The Federal Deficit Reduction Act of 2005
Effective Date: January 2008
This policy outlines the University’s protocols for preventing and detecting any clinical billing fraud, waste or abuse in its organization, consistent with the requirements of the Federal Deficit Reduction Act of 2005.
Reasons(s) for the Policy
Columbia University is committed to complying with the requirements of Federal and State law, including Section 6302 of the Federal Deficit Reduction Act of 2005, and to preventing and detecting any fraud, waste, or abuse in its organization in connection with government health care programs. Columbia University maintains a compliance program and strives to educate its employees, contractors and agents on fraud and abuse laws, including the importance of submitting accurate claims and reports to the Federal and State governments.
Primary Guidance to Which This Policy Responds
There is not a primary policy to which this policy responds. It is consistent with applicable law and best practices.
Responsible University Office & Officer
The Columbia University Medical Center Office for Billing Compliance is responsible for the maintenance of this policy, and for responding to questions posed regarding this policy. The CUMC Chief Compliance Officer is the Responsible Officer.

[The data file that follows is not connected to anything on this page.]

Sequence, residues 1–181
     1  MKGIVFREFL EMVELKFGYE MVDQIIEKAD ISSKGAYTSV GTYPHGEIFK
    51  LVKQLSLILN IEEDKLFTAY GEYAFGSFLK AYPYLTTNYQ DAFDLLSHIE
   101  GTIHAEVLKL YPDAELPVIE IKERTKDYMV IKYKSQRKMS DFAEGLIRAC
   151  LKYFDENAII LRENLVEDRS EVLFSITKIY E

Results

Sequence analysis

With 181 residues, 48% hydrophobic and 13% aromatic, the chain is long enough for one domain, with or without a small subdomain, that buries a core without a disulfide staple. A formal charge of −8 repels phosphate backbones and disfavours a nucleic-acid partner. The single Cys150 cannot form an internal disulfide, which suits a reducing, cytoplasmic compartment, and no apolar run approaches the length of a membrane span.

This policy was established in November 2007.
Who Is Governed By This Policy
All staff and faculty at Columbia University Medical Center -- or anyone working on behalf of Columbia University -- involved with the submission of accurate claims and reports to the Federal and State healthcare programs are governed by this policy.
Who Should Know This Policy
All staff and faculty at Columbia University Medical Center, as well as any business partners, agents and vendors, involved with the submission of claims and reports to the Federal and State governments..
Exclusions & Special Situations
Columbia University prohibits the knowing submission of a false or fraudulent claim for payment from a Federal or State funded health care program. Such a submission is a violation of Federal and State law and can result in significant administrative and civil penalties under the Federal False Claims Act, a Federal statute that allows private persons to help reduce fraud against the United States Government.
To assist Columbia University in meeting its legal and ethical obligations, any employee who reasonably suspects or is aware of the preparation or submission of a false claim or report or any other potential fraud, waste, or abuse related to a Federal or State funded health care program is required to report such information promptly. Reports may be directed to
(i) the employee’s supervisor or vendor’s business partner;